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What you need to know about costs, loans & making money

In 2000, a group of “ranchers” herding 10,000 cats was the class of that year’s Super Bowl ads.

“Anybody can herd cattle…” they said. “Holding together 10,000 half-wild short-hairs? That’s another thing altogether.”

Of course, no one actually herds 10,000 cats. And not just anyone can herd cattle. But if you’re prepared with these bullet-proof tips about how to start a cattle ranch, we’d bet you could successfully herd cattle and 10,000 cats better than anyone. 

Here’s what you need to know to start a cattle ranch – specifically, what you need to know about costs, loans and making money.


The costs associated with Cattle Ranching are not only different from regular urban real estate investments, they also differ from other types of farm and ranch investments. 

Consider this breakdown of what an example Farm/Ranch Balance Sheet looks like:

The upkeep of a Cattle Ranch should be handled like a business, with a balance sheet, profit and loss statement, and other relevant financial data. Most notable on your list of expenses is the costs for livestock itself, feed you will grow on your own and feed you will purchase externally. The latter is an expense that ranchers in heavy snow areas in particular pay for when they don’t have sufficient feed growing on their own land. 


Getting your land loan from someone who specializes in Agricultural loans is recommended. In some US states, you may be able to qualify for a U.S. Department of Agriculture Loan which gives you lower interest rates.

What’s very important to consider here is that you may need additional financing for on-farm equipment later on. So go with a lender who can give you the financing you need for all your operations – from land purchase to equipment management. Programs like American AgCredit provide great resources for exploring those financing options.

Making Money

Here’s the big question:

Once you’ve got a ranch, how do you make money on it?

The answer is you execute well on the big three profit drivers of ranching: Production, Margins & Marketing.


Production standards may vary for your area, but there are a few key rules to follow regardless of where you are:

  1. Reduce overhead as much as possible. Don’t be shy about purchasing used equipment. After all, as soon as you buy something new, the value drops.
  2. Increase your cow to person ratio. This means redirecting manpower to non-cattle activities where possible. Things like managing equipment, taking care of finances, or marketing.
  3. Decrease your acre to cow ratio. shares this: “When a larger number of cows are run on the same acres, there is usually no need for additional manpower. You are going to wean more pounds per acre with a greater number of smaller cows giving less milk and with the calves being slightly smaller.”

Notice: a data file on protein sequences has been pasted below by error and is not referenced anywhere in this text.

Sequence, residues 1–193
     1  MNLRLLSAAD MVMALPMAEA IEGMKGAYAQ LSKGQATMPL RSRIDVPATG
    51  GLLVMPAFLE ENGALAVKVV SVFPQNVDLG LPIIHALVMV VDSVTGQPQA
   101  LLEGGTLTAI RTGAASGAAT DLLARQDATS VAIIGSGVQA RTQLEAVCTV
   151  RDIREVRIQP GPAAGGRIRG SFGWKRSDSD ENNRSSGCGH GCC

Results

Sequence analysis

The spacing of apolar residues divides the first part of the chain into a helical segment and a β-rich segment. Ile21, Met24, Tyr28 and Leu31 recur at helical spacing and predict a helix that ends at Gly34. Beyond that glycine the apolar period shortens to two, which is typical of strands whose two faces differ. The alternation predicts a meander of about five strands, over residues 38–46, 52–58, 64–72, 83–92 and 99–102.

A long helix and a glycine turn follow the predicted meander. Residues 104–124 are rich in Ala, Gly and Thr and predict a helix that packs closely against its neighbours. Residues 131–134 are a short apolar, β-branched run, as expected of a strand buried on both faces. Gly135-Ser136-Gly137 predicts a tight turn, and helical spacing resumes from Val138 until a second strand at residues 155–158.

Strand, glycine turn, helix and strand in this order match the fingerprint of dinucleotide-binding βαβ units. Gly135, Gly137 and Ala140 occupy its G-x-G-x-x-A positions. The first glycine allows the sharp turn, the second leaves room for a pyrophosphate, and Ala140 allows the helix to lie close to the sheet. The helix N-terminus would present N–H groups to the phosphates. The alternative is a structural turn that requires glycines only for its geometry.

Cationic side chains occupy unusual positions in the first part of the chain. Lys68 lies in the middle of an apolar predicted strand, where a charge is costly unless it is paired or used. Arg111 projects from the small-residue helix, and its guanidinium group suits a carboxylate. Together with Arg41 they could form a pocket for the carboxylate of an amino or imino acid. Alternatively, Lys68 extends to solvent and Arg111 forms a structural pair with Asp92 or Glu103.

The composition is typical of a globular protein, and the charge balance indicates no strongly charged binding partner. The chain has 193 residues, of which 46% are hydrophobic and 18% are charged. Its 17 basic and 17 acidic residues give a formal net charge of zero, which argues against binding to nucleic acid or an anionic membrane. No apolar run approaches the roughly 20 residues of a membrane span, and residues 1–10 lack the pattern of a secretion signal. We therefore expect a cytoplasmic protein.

Pricing your cattle in a way that is attractive to customers and profitable for you is a challenge. The first step in succeeding here is to do your homework. Explore the market. What prices do other ranchers sell for? Are they auctioning their cows? For how much? What’s the price per pound of their cattle? 

Price competitively but also strategically for what will sustain you.


There are four questions you need to answer to pull off great revenue-boosting marketing:

  1. What do we sell? Calves? Yearlings? Bred Heifers? Bred Cows?
  2. Who’s it for? Are you selling to consumers? Businesses? Or perhaps you’re looking for an exclusive contract? There are some ranchers who sign exclusive deals with bigger dairy and meat packing plants; those dairies and plants have sole rights to all of the production from those ranches.
  3. Where are they? Where are your customers? This determines how you go to market. If they are consumers, you might be successful using video online (something that’s a growing option in the wake of COVID-19) or doing an auction. If it’s businesses, you might commission salespeople to go into those businesses personally and generate interest.
  4. How can we be unique? Look at what everyone around you is doing to market their cattle products. How can you be different from them? It’s tempting to think of farming and ranching as commodities, but if you look at it from the right angle, every individual ranch has a compelling and unique story to tell.

Though abbreviated, this article should serve as a launching pad to your cattle ranching dreams. Take advantage of this knowledge and implement it. 

If you do, not only will you be a successful cattle rancher… you might even make a great cat herder.

Be sure to see our listings of available ranches at

F&R Partners